The disruption of continuity


I read and respond to a lot of posts on LinkedIn. Honestly, I am losing faith as I continually read about how we can “fix” healthcare with data, an app, or a new business model. I read about physicians, nurses and patients leaving because the “system” or “others” are destroying their faith in healthcare.

How about all this “hype” on how artificial intelligence will be the next “fix” to our broken healthcare system. My gosh, it can eliminate bias, instruct doctors on how to care better, pass a multiple-choice test, and soon I bet I will read that it may even perform lobotomies on the politicians writing bad policy.

Last week, I wrote about the failure of digital health. It’s not failing because it’s bad technology, not a great idea, or isn’t filled with promise. On the contrary, it’s failing because it’s being used to disrupt care and relationships and not strengthen them.

My apologies for my rant, but over the course of my career, I have seen higher costs, lesser care, and more frustrated physicians and patients than when I started. Promises of “better” continue to fail. Care is worse, costs are higher, and yet we keep looking for the “Hail Mary” pass that will magically change everything.

If only… we add data, interoperability, artificial intelligence, virtual care, gadgets, robots, etc… or maybe if docs got paid more, worked less, had side gigs… or maybe we need more virtual care, less in-person care, better exchange of health data, fewer phone calls… or maybe we should just be employed by hospitals and bigger health systems… or maybe add more sites of care so that convenience is king…

It’s all a big lie. The disruption of healthcare has not led to better anything. The disruption has led to a complex, fragmented, and redundant system of care that now takes so many more physicians, nurses, billers, coders, and so on to care for one patient. These providers are “burning out” performing inane tasks, checking boxes and trying to care for more consumers of healthcare and less patients. It is the definition of insanity.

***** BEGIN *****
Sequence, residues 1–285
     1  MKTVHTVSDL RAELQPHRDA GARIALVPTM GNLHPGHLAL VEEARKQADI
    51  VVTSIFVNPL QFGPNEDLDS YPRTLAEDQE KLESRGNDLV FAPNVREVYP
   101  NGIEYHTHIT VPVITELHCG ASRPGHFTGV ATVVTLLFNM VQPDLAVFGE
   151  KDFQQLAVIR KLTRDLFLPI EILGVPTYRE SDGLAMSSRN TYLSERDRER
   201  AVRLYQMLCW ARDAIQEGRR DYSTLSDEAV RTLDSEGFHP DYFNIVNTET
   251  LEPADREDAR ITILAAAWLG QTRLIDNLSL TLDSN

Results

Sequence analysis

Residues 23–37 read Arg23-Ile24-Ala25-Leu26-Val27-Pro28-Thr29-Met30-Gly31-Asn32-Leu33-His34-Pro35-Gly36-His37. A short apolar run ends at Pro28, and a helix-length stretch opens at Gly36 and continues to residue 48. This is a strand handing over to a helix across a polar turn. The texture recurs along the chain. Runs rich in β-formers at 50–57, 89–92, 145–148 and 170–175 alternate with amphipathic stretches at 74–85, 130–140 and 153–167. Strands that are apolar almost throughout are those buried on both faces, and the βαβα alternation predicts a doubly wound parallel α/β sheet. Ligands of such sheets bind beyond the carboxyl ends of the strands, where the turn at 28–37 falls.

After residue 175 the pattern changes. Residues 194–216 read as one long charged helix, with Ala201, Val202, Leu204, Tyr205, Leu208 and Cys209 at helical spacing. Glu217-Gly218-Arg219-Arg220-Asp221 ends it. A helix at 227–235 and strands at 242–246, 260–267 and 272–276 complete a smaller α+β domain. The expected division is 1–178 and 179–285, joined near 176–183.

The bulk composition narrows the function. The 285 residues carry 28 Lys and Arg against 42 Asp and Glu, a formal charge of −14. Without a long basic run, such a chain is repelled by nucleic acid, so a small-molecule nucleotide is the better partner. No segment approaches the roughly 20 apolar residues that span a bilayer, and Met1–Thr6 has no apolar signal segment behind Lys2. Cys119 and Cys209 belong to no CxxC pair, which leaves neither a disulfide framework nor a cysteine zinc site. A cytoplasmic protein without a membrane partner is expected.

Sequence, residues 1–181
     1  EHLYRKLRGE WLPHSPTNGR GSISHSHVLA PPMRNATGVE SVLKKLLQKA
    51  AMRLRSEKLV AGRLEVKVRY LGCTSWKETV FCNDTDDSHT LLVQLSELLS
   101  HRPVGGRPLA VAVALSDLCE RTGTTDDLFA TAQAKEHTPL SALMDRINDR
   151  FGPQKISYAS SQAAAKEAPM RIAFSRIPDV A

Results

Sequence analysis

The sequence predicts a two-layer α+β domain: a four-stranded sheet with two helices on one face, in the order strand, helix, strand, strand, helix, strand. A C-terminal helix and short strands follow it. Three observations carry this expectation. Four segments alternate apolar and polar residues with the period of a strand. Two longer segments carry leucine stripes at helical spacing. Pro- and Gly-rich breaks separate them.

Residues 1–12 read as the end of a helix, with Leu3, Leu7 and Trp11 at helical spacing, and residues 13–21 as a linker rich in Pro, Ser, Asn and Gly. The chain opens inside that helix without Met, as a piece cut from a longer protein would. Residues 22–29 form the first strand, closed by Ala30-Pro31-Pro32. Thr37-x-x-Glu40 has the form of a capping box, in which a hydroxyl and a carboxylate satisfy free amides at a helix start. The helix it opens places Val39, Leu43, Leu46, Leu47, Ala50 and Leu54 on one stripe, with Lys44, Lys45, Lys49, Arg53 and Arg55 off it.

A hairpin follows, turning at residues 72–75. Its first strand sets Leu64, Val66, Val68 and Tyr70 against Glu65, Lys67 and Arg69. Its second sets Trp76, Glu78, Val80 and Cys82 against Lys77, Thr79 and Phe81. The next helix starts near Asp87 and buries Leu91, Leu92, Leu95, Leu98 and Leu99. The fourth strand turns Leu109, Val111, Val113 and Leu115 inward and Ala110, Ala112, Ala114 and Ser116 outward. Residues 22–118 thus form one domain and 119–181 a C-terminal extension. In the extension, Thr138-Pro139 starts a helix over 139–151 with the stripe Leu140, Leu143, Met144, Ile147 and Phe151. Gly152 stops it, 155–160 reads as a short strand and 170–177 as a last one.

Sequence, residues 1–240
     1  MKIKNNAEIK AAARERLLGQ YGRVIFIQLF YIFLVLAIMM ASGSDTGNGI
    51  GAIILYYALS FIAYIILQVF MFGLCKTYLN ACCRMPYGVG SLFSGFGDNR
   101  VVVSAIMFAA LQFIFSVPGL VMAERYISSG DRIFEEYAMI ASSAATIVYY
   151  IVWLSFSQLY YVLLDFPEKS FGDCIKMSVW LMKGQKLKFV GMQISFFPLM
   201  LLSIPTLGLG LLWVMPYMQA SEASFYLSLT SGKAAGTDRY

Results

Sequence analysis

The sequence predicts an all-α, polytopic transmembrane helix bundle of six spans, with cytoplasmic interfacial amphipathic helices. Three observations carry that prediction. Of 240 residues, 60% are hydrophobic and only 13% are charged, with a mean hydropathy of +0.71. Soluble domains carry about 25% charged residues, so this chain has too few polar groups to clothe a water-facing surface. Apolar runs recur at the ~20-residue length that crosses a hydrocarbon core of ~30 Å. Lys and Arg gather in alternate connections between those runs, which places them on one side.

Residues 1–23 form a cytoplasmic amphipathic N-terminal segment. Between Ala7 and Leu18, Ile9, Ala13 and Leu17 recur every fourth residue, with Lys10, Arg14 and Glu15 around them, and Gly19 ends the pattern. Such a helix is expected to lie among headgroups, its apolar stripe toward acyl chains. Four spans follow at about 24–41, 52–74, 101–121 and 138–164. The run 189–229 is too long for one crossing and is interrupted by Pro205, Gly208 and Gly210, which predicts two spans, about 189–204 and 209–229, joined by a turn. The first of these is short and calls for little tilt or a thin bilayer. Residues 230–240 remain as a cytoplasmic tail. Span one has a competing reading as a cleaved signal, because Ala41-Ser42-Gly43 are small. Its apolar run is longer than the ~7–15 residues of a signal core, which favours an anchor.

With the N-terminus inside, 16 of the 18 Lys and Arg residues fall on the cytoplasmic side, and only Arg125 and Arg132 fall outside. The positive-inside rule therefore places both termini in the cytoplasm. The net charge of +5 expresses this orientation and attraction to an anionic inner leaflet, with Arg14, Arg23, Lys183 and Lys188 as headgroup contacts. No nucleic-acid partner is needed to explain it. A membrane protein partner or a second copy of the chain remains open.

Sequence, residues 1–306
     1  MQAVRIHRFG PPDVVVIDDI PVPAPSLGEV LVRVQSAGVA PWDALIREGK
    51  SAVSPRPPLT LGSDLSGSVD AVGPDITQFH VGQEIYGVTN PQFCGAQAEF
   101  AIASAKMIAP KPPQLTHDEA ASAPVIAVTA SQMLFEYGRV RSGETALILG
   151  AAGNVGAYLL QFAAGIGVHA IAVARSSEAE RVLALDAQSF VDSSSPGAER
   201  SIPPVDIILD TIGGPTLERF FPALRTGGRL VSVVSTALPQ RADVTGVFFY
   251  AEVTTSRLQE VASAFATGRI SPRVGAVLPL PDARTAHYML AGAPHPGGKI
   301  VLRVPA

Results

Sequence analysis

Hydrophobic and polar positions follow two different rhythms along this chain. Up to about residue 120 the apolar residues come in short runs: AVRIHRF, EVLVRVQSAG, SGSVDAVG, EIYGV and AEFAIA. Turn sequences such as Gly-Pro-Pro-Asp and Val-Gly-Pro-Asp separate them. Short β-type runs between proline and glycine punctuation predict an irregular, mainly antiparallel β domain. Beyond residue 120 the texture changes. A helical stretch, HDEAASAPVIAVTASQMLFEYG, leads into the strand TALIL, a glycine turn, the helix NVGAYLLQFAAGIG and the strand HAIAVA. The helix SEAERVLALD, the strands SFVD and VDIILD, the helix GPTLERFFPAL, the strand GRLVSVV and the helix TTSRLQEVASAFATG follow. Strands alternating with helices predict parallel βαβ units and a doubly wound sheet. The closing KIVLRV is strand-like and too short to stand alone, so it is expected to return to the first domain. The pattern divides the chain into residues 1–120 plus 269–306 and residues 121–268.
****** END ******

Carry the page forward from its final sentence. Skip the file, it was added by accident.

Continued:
Just look at the slide and think about how care was in the first half of my career and how it’s been disintegrated in the second half of my last 25 years. It’s amazing to think that we have let it get this way. I say “we” because I do believe that my fellow physicians and myself are part of the problem. We have leaned into building, creating, training, and handing off care to others with the false hope of being happier, healthier, and wealthier. We have helped propagate the disintegration of care and now spend more time getting MBAs than working on the fundamentals of our care system… Physicians, nurses and care givers largely went into medicine because they want relationships. They truly want to care and see patients get better. We can’t do this if we are just part of a random system and spend our time on meaningless work. We need relationships, workflows, follow-up, daily rounds, team based care etc…to fuel us. Instead, we move farther away and are all less happy, less healthy, and not wealthier for our efforts.

The time has come to examine what has happened to the continuum of care. Continuity, or lack thereof, is why we are in this mess. Physicians spending time on finding where patients have been, what medications they are on, and following up on others’ care has replaced simply offering the care ourselves. Instead of using technology, intelligence, process, quality improvement to make care better, we instead use it to foster more complexity, handoffs, and silos.

What if we took back the control of the system or control of our own choices? What if we designed our practices around relationships, continuity, and outcomes? What if technology, data science, care coordination, care navigation centered around fostering a continual relationship with trusted providers? I would bet we would design, buy, and implement our care very differently. I would bet that nurses, clinicians, and physicians would be the new designers of healthcare delivery and not the tech companies, administrators, or random offerings.

What do you think? As a patient, physician, father, husband, innovator, entrepreneur and challenger of the status quo.. I wonder why not? Could we make it worse?

Published by

J. Michael Connors MD
What the Doctor Sees Weekly LinkedIn Newsletter